Historically, the Lower Manhattan lofts were a product of cheap rents in former industrial districts, large spaces occupied by artists and musicians beginning in the 1960s and continuing until rents began to skyrocket in the early 1980s. Musician-owned lofts included Charles Tyler’s Brook, Rashied Ali’s Ali’s Alley, Joe Lee Wilson’s Ladies Fort, William S. Fischer’s Environ, and Mike Mahaffay’s Sunrise Studios. Though “loft jazz” generally refers (and rightly) to black self-reliance projects, the contribution of white musicians like Mahaffay, Fischer, Dave Liebman, Richie Beirach and Barry Altschul shouldn’t be overlooked. In the booklet included with alto saxophonist Jemeel Moondoc’s Muntu Recordings, writer Ed Hazell gives a detailed description of this climate in his essays “A Place to Play What We Want: A Short History of the New York Lofts” and “Carved Out of the Hard Dark Ebony of Africa: The Story of Jemeel Moondoc and Muntu.” Hopefully the materials contained in this set’s liners can be expanded into a book-length analysis, which is what this period needs.

    Jemeel Moondoc is one of a number of musicians too frequently left out of the presentation of creative improvised music. After studies with Cecil Taylor at the University of Wisconsin-Madison and Antioch College in Ohio, the Chicago-born and Boston-bred alto saxophonist relocated to New York in 1972. Along with trumpeter Arthur Williams and pianist Mark Hennen, Moondoc was part of a core group of Antioch associates, also including trumpeter Raphe Malik and drummer Syd Smart, who studied and worked with figures like Taylor and Bill Dixon. On first listen to the music of Moondoc’s Muntu, it strikes one as being out of the Taylor-Ornette Coleman axis rather than aligning itself with the more poised structures of AACM-fed New Yorkers. In addition to Hennen and Williams, the group featured bassist William Parker and drummer Rashid Bakr (now returned to his birth name, Charles Downs). The lineup was flexible: Hennen was only present for the first LP, as Muntu was revamped into a pianoless quartet with Roy Campbell, Jr. taking the place of an increasingly ill Williams. When Parker and Bakr were unavailable or, later on, committed to Cecil Taylor’s group, other bassists and drummers sat in. Sometimes Muntu was a trio with Moondoc as the sole lead voice (as represented on disc three of this set); one apparently undocumented lineup also featured violinist Billy Bang (then with Parker in the Music Ensemble). The group self-released two LPs on its Muntu label, First Feeding (1977) and The Evening of the Blue Men (1979), along with live records on Poljazz, Cadence, and Praxis, before dissolving in 1985. With the exception of the Cadence release, New York Live, none of this material has ever been on CD.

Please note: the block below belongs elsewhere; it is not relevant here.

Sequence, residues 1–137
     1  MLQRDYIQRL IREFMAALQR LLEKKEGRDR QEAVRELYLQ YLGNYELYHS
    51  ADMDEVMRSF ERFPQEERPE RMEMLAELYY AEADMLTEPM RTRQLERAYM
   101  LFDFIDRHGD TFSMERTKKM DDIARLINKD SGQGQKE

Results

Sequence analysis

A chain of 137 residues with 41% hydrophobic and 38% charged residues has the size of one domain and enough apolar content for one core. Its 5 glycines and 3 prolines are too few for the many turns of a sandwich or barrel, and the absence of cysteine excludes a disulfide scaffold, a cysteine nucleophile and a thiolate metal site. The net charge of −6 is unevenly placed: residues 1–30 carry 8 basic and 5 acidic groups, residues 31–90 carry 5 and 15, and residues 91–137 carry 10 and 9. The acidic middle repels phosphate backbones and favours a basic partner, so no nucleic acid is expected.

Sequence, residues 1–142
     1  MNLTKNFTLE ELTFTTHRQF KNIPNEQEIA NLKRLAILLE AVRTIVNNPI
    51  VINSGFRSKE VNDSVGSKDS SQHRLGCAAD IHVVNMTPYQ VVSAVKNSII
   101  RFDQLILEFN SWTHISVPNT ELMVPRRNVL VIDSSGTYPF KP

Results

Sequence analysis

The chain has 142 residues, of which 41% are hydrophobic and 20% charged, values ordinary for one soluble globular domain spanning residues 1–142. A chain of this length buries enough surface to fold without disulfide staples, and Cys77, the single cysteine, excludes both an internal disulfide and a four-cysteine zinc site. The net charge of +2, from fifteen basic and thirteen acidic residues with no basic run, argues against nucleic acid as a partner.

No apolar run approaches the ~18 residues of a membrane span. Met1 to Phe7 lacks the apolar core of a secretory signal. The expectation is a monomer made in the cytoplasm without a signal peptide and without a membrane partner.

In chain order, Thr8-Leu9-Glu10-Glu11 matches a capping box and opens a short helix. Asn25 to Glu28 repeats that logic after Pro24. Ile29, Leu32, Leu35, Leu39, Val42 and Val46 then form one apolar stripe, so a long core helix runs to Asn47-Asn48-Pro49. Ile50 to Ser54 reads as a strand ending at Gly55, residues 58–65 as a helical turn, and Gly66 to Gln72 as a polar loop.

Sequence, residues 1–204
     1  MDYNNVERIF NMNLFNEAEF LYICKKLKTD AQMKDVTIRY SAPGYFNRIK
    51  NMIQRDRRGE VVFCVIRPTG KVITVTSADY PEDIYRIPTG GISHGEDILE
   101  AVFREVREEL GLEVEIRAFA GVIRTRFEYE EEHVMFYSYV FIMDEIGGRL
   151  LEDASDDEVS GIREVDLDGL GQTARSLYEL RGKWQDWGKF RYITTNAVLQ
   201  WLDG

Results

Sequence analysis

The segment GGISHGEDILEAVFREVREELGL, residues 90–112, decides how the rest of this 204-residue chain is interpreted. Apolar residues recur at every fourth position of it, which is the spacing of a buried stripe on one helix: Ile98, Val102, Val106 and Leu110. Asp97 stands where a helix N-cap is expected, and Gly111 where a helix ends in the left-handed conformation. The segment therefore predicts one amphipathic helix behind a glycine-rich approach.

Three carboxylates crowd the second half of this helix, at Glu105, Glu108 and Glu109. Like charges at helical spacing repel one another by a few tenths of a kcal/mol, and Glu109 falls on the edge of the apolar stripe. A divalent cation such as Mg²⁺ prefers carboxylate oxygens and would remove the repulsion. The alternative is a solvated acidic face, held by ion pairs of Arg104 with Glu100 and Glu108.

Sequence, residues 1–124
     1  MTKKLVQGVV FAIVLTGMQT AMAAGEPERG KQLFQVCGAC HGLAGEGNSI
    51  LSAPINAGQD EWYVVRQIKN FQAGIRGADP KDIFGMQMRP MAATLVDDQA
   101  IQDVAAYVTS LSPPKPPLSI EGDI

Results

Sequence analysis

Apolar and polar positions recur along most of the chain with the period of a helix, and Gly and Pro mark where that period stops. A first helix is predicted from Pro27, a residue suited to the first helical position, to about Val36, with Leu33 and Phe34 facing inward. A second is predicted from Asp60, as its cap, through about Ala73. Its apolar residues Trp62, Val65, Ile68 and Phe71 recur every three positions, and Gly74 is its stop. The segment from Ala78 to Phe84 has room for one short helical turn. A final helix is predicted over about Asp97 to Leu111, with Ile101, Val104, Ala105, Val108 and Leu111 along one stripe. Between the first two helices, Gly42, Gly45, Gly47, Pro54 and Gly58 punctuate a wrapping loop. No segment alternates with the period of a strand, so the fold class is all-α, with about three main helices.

It’s hard not to make a comparison to Taylor’s work on First Feeding, especially on the brief title track. At this stage, Hennen is less blocky and more florid in his dusky exploration of cells (by the time of groups like the Collective Quartet and his work with William Hooker, the Cecil-isms would all but disappear). The fat tonal bricks and hot, slow blasts of sound that Williams unspools are indebted to Dixon, while comparisons with Silva and Cyrille are apt in the initial rustling interplay of cello and percussion. Once the improvisation begins, however, it’s clear that Muntu is its own group. Sections of sound climb over each other and soon become a whirlwind dance, as the rhythms flit and jump in taut angles, Hennen shortening his phrases into stabs around Bakr and Parker’s darting blinks. By the piece’s end, there’s a folksy revision of the theme that makes the front line sound more Ornette-ish than Jimmy Lyons and Dixon might have preferred.